Matt Murray has watched customers spend three hours shopping for food in GreenAcres Market & Deli, carefully examining the label on each product they put in their cart or basket.
“People are wanting to live healthier and longer,” said Murray, a co-owner of the natural foods store in Bradley Fair at 21st and Rock.
Foods and other products marketed as organic or natural have seen their sales grow over recent years.
Over the two decades ending in 2010, sales of organic food and beverages shot up from $1 billion to $26.7 billion annually, according to the Organic Trade Association. They accounted for about 4 percent of all food and beverage sales in 2010, with organic fruits and vegetables representing 11 percent of all the sales in that niche.
The growth in the natural and organic sectors also is seen in the addition of stores.
GreenAcres in recent years has added stores in Kansas City, Mo., and Jenks, Okla.
But the boom in natural and organic foods has affected more than just locally owned specialty stores like GreenAcres, Food for Thought and Whole Foods Association.
According to the Organic Trade Association, supermarkets, club stores and other mass-market retailers now sell more than half the organic products consumed.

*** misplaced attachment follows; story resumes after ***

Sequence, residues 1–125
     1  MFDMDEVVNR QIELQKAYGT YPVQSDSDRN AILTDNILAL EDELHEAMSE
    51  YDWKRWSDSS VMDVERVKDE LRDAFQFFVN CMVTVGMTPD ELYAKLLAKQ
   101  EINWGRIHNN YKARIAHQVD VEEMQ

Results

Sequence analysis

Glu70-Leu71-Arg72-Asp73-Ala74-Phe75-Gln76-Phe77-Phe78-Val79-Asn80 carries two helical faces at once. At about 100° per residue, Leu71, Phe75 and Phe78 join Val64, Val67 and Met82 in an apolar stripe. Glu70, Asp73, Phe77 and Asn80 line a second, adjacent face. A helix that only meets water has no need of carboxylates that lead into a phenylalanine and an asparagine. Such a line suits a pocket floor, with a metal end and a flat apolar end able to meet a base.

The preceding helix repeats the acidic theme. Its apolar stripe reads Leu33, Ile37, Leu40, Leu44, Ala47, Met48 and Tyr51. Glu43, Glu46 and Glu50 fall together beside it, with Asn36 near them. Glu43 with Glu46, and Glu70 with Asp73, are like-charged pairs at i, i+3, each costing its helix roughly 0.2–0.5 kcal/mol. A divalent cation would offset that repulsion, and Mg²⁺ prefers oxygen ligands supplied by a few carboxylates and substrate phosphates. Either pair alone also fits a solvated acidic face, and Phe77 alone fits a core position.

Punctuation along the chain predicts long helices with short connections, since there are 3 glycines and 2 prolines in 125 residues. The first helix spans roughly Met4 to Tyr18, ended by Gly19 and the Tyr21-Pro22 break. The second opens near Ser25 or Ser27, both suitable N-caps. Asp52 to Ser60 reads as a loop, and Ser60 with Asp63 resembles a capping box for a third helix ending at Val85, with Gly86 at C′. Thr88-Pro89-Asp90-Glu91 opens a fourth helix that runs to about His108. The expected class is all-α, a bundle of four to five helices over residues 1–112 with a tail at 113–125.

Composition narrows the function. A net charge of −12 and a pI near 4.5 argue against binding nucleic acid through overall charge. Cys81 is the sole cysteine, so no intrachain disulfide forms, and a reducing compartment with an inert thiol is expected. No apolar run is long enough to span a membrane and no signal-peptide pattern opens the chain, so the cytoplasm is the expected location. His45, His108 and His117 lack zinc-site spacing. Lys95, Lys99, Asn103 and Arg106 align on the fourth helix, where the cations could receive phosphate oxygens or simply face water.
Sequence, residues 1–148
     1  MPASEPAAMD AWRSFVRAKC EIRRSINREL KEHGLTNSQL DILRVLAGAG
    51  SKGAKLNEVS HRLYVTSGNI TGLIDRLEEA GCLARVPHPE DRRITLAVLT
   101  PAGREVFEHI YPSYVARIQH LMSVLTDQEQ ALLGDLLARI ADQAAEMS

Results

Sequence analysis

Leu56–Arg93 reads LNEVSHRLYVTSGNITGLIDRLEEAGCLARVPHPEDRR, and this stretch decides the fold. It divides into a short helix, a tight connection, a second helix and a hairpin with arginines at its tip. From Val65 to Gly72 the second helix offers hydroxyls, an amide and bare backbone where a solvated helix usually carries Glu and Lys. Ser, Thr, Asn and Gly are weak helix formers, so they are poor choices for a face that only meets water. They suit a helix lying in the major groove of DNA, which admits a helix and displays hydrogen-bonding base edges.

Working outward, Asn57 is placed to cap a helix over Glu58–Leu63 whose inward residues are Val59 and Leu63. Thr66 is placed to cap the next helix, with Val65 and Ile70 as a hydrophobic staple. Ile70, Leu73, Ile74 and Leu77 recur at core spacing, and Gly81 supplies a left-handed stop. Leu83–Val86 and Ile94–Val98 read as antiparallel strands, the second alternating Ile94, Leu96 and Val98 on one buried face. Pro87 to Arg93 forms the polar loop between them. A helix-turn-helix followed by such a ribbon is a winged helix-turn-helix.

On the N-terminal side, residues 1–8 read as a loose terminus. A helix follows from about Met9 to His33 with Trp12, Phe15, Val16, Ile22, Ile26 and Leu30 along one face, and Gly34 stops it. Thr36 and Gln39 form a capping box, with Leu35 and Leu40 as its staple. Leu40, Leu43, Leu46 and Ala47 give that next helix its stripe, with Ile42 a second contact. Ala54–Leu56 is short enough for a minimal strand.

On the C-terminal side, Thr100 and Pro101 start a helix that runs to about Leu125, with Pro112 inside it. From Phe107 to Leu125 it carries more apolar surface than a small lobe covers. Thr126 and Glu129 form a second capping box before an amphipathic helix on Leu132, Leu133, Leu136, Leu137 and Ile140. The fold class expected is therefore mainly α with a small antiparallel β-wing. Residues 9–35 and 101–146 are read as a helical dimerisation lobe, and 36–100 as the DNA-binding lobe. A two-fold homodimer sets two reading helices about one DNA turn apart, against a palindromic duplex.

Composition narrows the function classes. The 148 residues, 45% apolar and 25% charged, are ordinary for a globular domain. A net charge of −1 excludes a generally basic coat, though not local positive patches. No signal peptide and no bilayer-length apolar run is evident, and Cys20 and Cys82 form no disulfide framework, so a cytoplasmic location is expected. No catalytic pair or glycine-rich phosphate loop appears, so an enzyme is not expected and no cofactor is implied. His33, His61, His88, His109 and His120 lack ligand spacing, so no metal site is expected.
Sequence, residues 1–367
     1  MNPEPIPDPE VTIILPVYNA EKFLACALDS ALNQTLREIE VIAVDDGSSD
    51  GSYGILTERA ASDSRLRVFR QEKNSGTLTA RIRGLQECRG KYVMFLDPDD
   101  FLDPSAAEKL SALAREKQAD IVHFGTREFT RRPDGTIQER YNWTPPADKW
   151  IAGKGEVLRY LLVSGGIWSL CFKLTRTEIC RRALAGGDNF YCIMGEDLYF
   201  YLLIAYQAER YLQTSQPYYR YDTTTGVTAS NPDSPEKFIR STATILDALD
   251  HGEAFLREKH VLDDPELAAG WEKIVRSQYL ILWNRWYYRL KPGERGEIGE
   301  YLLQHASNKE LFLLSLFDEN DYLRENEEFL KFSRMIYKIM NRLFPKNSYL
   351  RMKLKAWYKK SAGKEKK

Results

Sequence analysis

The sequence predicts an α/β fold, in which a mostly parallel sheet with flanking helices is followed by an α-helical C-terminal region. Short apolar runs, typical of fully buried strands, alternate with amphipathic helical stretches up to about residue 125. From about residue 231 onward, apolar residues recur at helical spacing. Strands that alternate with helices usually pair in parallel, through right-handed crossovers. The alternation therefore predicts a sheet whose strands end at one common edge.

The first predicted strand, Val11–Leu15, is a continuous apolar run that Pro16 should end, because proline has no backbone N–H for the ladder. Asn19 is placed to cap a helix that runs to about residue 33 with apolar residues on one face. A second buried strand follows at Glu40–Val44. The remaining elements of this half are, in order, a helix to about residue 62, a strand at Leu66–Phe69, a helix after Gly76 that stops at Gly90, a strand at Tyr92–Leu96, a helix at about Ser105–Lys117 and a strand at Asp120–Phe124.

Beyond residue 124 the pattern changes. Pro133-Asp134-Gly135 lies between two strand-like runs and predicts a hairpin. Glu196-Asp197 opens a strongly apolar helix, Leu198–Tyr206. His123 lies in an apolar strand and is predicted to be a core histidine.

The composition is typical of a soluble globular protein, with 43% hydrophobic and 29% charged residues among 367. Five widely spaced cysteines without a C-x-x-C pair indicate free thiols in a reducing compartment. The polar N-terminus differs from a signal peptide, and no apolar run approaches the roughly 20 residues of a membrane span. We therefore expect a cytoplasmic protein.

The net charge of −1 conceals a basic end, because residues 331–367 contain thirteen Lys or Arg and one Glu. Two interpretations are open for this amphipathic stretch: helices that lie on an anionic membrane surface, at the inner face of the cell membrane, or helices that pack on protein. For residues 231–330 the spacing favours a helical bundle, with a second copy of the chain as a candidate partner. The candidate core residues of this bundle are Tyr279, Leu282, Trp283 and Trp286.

“Every day, we see new customers interested in organic and natural foods,” said Dillons supermarket spokeswoman Sheila Lowrie.
Dillons stores carry organic items across the company’s meat, produce and dairy lines. In produce, Lowrie said, a typical Dillons might carry 60 to 80 organic items, while the larger Dillons Marketplace stores offer nearly 100.
In September, Dillons parent company Kroger Co. launched the Simple Truth and Simple Truth Organic product lines.
There’s also been an influx locally of national food retailers that feature specialty foods and natural and organic products. Last year saw the opening of The Fresh Market and Natural Grocers on Rock Road, and Whole Foods Market will open a store a little farther east in the Waterfront development this year.
“We’ve done really well in spite of the competition,” Murray said of GreenAcres, which opened 19 years ago.
The market tries to build customer loyalty by sourcing as much food as possible locally, offering lots of samples and emphasizing personal service.
And it doesn’t hurt that there’s more demand than ever.